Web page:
Major tech group comes out against cyber bill

A prominent tech trade group representing major players in Silicon Valley, telecom and e-commerce has come out against a cybersecurity bill that is set to soon hit the Senate floor.

The Computer & Communications Industry Association (CCIA) on Thursday published a blog post saying the group is “unable to support” the Cybersecurity Information Sharing Act (CISA) in its current form.


CISA would boost the exchange of cyber-threat data between companies and the government by giving businesses legal liability protection when sharing their information.

“CISA’s prescribed mechanism for sharing of cyber threat information does not sufficiently protect users’ privacy or appropriately limit the permissible uses of information shared with the government,” wrote Bijan Madhani, public policy and regulatory counsel at CCIA. “In addition, the bill authorizes entities to employ network defense measures that might cause collateral harm to the systems of innocent third parties.”

Privacy advocates and many technologists have been fighting various iterations of the bill on similar grounds for years. In recent months, several prominent tech companies, including Apple, have joined them in opposition.

CCIA’s statement will give these opponents even more tech-industry support. The group’s members include Silicon Valley bigwigs such as Facebook, Google and Yahoo, telecom companies such as Sprint and T-Mobile, e-commerce giants Amazon and eBay, and Netflix and Microsoft.

“Members of Congress should pay attention: Nobody wants this bill,” said Evan Greer, campaign director for Fight for the Future, a digital rights group protesting CISA, shortly after CCIA made its announcement. “Not the public, not security experts and not even the industry it’s supposed to protect.”

The bill does have a broad array of proponents, including many traditional industry groups, a large bipartisan coalition of lawmakers and the White House. They have backed the measure as the necessary first step to better understand and minimize the fallout from the mammoth hacks that have plagued retailers like Target and Home Depot, banks such as JPMorgan, and Anthem, the nation’s second-largest health insurer.

“Cybersecurity is an important national security issue and the Senate should take up this bill as soon as possible and pass it,” said White House spokesman Eric Schultz in a statement after the administration voiced its support in August.

On Capitol Hill, Sen. Ron WydenRonald (Ron) Lee WydenOvernight Health Care — Presented by National Taxpayers Union — Top Dems call for end to Medicaid work rules | Chamber launching ad blitz against Trump drug plan | Google offers help to dispose of opioids Top Dems call for end to Medicaid work rules after 18,000 lose coverage in Arkansas Overnight Health Care — Presented by National Taxpayers Union — Drug pricing fight centers on insulin | Florida governor working with Trump to import cheaper drugs | Dems blast proposed ObamaCare changes MORE (D-Ore.) has been leading a small, but growing, coalition of privacy-minded lawmakers who are trying to amend the bill. Sens. Rand PaulRandal (Rand) Howard PaulThe Hill's 12:30 Report: Trump escalates fight with NY Times The 10 GOP senators who may break with Trump on emergency On unilateral executive action, Mitch McConnell was right — in 2014 MORE (R-Ky.) and Bernie SandersBernard (Bernie) SandersKamala Harris: Trump administration ‘targeting’ California for political purposes Harry Reid says he won’t make 2020 endorsement until after Nevada caucus Gillibrand to appear on Fox News Monday night MORE (I-Vt.), both presidential candidates, have recently joined Wyden's opposition.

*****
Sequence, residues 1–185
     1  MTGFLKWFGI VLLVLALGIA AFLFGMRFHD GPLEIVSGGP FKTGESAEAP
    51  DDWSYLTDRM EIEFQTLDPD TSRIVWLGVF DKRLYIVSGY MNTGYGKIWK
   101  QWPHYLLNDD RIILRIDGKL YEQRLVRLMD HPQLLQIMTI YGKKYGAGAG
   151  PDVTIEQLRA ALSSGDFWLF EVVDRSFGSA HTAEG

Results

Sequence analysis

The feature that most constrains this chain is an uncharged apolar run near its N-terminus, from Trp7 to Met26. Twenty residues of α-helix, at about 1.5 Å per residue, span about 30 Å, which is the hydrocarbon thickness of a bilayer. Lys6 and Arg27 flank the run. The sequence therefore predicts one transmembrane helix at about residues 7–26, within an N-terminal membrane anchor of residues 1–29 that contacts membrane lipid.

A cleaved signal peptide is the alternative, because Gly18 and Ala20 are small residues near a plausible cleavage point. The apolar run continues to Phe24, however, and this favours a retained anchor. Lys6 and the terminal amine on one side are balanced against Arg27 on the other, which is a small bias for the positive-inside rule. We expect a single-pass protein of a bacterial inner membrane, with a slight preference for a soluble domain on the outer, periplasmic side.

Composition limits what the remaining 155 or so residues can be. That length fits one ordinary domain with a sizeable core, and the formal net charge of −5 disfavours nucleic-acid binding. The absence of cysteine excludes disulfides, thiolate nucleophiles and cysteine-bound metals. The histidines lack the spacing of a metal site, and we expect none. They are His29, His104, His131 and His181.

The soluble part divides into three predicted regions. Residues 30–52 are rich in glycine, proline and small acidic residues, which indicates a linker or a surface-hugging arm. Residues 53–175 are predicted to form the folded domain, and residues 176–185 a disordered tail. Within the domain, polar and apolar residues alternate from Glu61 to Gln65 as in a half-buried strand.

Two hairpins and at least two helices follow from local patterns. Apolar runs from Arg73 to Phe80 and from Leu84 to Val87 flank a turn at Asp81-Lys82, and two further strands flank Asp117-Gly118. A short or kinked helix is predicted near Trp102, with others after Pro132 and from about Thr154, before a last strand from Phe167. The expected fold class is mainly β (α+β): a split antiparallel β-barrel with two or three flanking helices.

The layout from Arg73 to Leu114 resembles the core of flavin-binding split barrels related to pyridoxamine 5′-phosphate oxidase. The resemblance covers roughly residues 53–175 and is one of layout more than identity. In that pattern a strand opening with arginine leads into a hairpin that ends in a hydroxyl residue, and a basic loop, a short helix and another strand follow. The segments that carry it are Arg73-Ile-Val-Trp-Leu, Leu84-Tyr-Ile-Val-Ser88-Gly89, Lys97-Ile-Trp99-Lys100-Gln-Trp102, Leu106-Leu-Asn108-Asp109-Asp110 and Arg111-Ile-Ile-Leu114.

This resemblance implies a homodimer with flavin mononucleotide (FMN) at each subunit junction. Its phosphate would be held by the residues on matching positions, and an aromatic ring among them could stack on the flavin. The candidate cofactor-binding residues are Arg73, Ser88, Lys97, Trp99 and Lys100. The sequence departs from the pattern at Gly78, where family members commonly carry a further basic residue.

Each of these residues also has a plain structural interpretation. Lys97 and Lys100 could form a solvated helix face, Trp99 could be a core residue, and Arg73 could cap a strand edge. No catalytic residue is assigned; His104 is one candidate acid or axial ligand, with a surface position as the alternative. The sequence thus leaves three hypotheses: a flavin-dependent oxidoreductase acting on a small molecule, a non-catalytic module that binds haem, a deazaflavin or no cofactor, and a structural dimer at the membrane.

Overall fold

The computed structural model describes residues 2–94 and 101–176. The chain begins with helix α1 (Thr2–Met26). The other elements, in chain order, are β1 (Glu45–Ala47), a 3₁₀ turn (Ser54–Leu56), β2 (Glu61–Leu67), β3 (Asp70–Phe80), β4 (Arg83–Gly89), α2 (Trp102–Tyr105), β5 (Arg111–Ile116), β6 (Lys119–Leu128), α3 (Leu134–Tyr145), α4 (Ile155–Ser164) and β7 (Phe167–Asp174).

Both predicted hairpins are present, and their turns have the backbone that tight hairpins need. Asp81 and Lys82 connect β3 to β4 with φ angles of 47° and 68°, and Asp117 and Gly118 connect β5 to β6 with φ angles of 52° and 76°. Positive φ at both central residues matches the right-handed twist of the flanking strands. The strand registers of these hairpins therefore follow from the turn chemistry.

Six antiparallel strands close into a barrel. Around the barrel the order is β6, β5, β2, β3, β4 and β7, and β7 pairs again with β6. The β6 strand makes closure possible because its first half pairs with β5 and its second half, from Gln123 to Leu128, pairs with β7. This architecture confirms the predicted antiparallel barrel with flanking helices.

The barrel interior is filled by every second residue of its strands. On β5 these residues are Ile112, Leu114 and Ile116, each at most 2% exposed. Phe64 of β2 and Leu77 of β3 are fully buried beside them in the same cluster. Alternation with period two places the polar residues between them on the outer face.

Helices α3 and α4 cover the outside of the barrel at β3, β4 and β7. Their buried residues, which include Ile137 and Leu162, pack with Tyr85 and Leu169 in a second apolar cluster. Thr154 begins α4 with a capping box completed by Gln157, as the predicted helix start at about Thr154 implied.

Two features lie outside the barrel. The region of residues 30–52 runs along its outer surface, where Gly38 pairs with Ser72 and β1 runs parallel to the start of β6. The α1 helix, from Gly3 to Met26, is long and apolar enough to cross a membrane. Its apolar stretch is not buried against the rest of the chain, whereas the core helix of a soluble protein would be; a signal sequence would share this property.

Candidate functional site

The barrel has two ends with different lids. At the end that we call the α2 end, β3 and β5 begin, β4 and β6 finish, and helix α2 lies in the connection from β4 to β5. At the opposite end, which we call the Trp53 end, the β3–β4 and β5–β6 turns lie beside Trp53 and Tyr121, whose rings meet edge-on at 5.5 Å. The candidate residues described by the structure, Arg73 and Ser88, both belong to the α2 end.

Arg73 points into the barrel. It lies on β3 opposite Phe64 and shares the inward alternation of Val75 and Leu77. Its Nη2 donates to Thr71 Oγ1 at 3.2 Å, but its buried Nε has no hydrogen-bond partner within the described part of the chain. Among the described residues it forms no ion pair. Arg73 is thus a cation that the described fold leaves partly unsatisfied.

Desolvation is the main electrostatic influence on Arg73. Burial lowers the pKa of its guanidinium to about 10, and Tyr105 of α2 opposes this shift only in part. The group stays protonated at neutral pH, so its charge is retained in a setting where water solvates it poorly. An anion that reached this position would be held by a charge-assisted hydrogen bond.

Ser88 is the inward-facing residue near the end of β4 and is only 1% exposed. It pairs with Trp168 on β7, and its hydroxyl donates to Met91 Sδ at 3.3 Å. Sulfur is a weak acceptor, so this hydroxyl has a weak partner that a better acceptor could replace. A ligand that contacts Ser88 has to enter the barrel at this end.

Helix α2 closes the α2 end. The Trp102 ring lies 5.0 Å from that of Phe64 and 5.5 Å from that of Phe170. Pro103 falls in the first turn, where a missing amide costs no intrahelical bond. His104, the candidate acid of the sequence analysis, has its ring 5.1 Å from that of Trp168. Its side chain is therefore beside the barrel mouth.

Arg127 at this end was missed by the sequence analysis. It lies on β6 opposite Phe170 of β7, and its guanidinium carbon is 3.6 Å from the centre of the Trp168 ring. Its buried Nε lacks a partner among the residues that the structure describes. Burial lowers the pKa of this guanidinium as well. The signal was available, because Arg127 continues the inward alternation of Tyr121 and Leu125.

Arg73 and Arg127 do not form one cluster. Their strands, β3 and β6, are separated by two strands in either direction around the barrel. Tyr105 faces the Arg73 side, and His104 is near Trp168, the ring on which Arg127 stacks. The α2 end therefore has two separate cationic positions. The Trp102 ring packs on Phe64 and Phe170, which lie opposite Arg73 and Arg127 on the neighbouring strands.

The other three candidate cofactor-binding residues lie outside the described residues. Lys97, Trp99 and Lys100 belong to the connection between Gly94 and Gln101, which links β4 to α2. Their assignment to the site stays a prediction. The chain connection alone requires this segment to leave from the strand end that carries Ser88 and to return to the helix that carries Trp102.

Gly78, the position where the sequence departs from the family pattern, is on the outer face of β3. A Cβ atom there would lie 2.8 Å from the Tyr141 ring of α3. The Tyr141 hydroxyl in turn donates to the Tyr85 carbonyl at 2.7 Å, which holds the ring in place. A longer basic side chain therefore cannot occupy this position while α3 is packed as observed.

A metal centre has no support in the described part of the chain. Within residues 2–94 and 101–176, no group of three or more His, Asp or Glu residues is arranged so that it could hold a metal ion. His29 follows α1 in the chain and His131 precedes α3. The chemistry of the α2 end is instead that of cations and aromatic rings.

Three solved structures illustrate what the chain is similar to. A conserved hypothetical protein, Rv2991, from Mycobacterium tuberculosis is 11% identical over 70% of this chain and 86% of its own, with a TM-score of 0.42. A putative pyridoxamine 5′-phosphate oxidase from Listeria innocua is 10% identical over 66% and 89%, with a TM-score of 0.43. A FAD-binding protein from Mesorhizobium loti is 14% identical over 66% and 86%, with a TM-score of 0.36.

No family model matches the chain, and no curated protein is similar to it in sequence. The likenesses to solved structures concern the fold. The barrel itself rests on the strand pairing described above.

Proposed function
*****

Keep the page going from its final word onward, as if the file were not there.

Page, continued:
The group agrees with CCIA that the bill does not adequately require companies to remove sensitive data prior to sharing it with the government.

“This is a badly flawed bill,” Wyden told reporters earlier this month. “The benefits in terms of security are very modest. The privacy rights that Americans will see compromised, in my view, are very significant.”

CCIA said it is not opposed to an information-sharing bill in theory.

The group “recognizes the goal of seeking to develop a more robust system through which the government and private sector can readily share data about emerging threats,” Madhani said.

But CISA, as written, not only undermines Americans’ privacy, Madhani added, but also allows the government to use data collected under the bill “for purposes unrelated to cybersecurity.”

Many lawmakers and officials from the finance and retail sectors, among others, have strenuously pushed back against these characterizations.

Over the years, they say, more provisions have been added requiring companies to strip personal data before it is shared with the government. The bill's authors have also narrowed the definition of “cyber threat indicator” and offered edits to further restrict government uses of the data.

“Our bill has been misportrayed,” said Senate Intelligence Committee Chairman Richard BurrRichard Mauze BurrCohen to testify before Senate Intel on Tuesday Harris on election security: 'Russia can't hack a piece of paper' Schiff: Evidence of collusion between Trump campaign, Russia 'pretty compelling' MORE (R-N.C.), who co-sponsors the bill, at a recent U.S. Chamber of Commerce event. “People have lied about what’s in it.”

"Some people you just can't satisfy no matter what you do," added Sen. Dianne FeinsteinDianne Emiel FeinsteinFeinstein says she thinks Biden will run after meeting with him Trump judicial nominee Neomi Rao seeks to clarify past remarks on date rape Bottom Line MORE (D-Calif.), the Intelligence panel's ranking member, and CISA's other co-sponsor.

It’s believed CISA could hit the Senate floor as early as next week.